Cherríe Moraga | Critical Review by Judith Ortiz Cofer

This literature criticism consists of approximately 27 pages of analysis & critique of Cherre Moraga.
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Critical Review by Judith Ortiz Cofer

SOURCE: "Mujeres en Lucha," in Women's Review of Books, July 1984, p. 5.

In the following review, Cofer praises the stories in Cuentos—of which Moraga is an editor and contributor—and the poems and prose in Loving in the War Years for their focus on the Latina's search for identity and individuality.

"We are New York and Island Puerto Rican, Los Angeles Chicana, and Chilena. We are Latina writers and activists who identify as U.S. Third World women." So proclaim the editors of Cuentos, an eclectic collection of fiction by and about Latinas in the U.S. The stories cover such a wide spectrum of style, language and technical proficiency that the issues confronted in the individual stories become the best handle for a discussion of the collection. The editors are the first to admit that the framework of the book is thematic, the Latin-American woman writer being still in search of an identifiable voice in the literary world. As "heirs to a culture of silence" they have been excluded from the mainstream not only by their sex, but also by class, race and education. Latin American women writers in the U.S. must develop a literary tradition of their own because, even though there have been great Latin American women writers, "from Sor Juana Inez de la Cruz in the seventeenth century to Julia de Burgos in the twentieth century," their work cannot reflect the historical-political experiences of Latin American women in the U.S.A. The introduction to Cuentos points out:

Unlike the Latin American writer in Latin America, the U.S. Latino writer is considered a "non-white" person and as such a "minority writer" Writing is so dependent upon education that most people of color, because they are poor, are deprived of access to recorded history or written artistic expression. This is further complicated for Latinos by the fact that we are largely born not speaking English.

Cuentos is the result of the struggle to create a context for the diversity of Latina writing. Within its pages women of backgrounds that range from the New York Puerto Rican to the Los Angeles Chicana to the South American in self-imposed exile find their individual voices and try to blend them into a clear, loud chorus of protest and disillusionment, as well as victory and joy. Their stories speak of labyrinthine boundaries and their ability to develop the strength to climb out of their personal, familial, professional prisons through self-definition. They take justifiable pride in being the first women in their families to dare break away: "Most of the writers in Cuentos are first generation writers. This means that your mother couldn't have written the story—or even helped you write it."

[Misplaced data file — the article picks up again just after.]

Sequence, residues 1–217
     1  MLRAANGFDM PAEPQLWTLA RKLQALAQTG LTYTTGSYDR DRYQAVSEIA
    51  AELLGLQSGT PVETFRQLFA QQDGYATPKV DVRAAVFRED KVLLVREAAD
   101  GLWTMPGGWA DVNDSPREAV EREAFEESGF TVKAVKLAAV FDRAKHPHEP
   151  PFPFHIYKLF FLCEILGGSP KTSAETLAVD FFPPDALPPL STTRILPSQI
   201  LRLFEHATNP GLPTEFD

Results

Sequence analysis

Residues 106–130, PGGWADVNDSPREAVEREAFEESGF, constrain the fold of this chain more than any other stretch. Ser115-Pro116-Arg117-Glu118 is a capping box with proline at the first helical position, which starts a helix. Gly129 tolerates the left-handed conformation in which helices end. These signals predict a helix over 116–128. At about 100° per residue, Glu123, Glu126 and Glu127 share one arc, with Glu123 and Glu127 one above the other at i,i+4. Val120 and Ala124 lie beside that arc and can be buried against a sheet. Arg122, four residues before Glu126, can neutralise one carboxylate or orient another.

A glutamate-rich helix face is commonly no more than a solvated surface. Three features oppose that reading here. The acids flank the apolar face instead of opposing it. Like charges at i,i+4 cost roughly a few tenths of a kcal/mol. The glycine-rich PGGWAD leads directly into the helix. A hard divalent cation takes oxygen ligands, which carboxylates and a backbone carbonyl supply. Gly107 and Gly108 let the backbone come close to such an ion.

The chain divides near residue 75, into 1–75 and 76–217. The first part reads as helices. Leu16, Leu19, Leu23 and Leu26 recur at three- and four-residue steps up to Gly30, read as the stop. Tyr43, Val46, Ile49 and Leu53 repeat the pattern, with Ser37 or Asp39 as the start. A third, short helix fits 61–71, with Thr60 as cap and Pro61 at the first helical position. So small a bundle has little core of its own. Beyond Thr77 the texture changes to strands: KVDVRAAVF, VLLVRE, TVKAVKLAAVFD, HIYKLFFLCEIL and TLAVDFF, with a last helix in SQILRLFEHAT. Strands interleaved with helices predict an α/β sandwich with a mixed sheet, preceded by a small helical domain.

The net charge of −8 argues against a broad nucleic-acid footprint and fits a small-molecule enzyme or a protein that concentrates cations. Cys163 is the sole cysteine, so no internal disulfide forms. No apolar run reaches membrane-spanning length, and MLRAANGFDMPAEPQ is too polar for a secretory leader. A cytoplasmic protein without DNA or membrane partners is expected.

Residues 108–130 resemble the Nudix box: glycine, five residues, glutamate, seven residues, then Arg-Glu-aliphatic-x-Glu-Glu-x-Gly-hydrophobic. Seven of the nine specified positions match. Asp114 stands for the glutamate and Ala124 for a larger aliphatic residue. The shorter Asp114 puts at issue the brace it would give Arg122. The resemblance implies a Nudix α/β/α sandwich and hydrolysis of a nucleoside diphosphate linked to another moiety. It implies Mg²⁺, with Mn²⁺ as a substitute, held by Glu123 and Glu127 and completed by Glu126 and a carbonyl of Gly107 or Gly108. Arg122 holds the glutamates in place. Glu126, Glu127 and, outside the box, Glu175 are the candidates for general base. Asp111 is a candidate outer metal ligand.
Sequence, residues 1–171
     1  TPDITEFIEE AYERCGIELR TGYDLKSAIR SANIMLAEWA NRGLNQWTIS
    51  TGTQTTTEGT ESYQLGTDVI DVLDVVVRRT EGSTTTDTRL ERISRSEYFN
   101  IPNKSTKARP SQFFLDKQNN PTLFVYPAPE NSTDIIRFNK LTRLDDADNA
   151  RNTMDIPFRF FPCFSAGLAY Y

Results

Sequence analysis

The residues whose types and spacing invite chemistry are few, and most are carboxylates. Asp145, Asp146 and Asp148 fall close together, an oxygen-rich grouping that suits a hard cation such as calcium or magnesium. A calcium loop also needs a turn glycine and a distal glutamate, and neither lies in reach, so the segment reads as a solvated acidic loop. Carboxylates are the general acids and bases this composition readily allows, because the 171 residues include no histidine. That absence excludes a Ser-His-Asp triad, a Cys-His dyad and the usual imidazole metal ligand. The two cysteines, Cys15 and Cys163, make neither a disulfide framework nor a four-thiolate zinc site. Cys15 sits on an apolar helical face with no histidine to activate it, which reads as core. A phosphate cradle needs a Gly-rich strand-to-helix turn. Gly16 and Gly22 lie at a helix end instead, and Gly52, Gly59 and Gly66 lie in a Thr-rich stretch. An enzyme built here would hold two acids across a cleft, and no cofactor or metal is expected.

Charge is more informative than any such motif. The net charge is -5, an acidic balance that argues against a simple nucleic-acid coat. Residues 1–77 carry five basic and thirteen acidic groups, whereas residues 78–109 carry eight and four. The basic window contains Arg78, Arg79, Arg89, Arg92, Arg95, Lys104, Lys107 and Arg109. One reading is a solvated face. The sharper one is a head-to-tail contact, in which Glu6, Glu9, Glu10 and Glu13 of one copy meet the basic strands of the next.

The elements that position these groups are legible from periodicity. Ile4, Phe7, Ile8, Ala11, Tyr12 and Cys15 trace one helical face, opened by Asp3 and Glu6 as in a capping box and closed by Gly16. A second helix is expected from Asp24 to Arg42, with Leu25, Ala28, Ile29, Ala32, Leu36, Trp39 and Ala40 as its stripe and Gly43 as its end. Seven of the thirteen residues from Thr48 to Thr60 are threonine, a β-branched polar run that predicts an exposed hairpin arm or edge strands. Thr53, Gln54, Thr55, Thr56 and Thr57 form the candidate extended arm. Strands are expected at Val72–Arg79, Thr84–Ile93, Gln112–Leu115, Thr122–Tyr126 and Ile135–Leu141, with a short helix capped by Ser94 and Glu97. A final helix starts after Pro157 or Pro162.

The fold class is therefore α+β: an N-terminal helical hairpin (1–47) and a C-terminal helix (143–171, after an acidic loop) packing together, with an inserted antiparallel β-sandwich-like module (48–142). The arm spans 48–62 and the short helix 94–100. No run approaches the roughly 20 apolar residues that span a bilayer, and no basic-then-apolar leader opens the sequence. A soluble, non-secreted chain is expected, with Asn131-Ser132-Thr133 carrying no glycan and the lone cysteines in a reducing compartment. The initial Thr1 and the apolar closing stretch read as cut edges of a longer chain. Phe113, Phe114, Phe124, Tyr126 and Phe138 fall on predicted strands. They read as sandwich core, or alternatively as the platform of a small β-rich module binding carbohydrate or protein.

Though the women writers in this collection define themselves under the general labels of Latin American and feminist, their backgrounds, traditions, education, politics, and sexuality are as multitudinous and individual as their styles. Some of the stories are in standard American English, some in Spanish (ranging in dialect from the Puerto Rican to the South American) and others are in a combination of both (a practice linguists call code-switching). It is evident that the varied voices, styles and languages form an attempt at self-affirmation, and a joining together of a group of individuals within a framework of meaning and permanence.

In a working illustration of their philosophy of an all-embracing bi-culturalism the editors of Cuentos state:

In este libro, we wish to stretch la imaginacion—help the reader become accustomed to seeing two languages in a book, learning to make sense of a thing by picking up snatches here, phrases there, listening and reading differently. Cuentos validates the use of "spanglish" and "tex-mex". Mixing English and Spanish in our writing and talking is a legitimate and creative response to acculturation.

Through all the differences of language and specific background details the writers represented in this anthology are bound by the fact that the hispanic tradition mandates passivity through cultural indoctrination starting at birth, and that to break her predetermined vows of silence, chastity and obedience is considered betrayal by the Latina of her race, her family and God. This is why the Latin American women writers consider themselves mujeres en lucha; women forever struggling against the forces that would silence them.

"Cuentos" are the stories heard from our mothers and grandmothers, the only way they had, on a stormy night, or a quiet afternoon setting in the patio over a cup of café con leche, to tell us of the domestic wars and victories, the private and silent acts of heroism, courage and self-denial conducted by the women; bits of wisdom, warnings, about men, babies and other women passed down from mother to daughter.

These "cuentos" served their purpose when one could rely on the permanence of family networks and their continuance. In the great diaspora of the twentieth century, recording our legacy in written form has become imperative.

Cuentos is divided into three sections, each prefaced by an editorial-philosophical statement. (This, perhaps, is a weakness in that it focuses the reader's expectations in one direction and thus somewhat limits the scope of the stories.) The stories in "Uno" are headed by a rather impassioned editorial statement:

Feeling like we were born with too much inside of us and that we decide to express ourselves in any deeply felt way, they will think us crazy, sick, or senile. The characters in these stories are "possessed"—possessed in opposition to the forces that deny their humanity.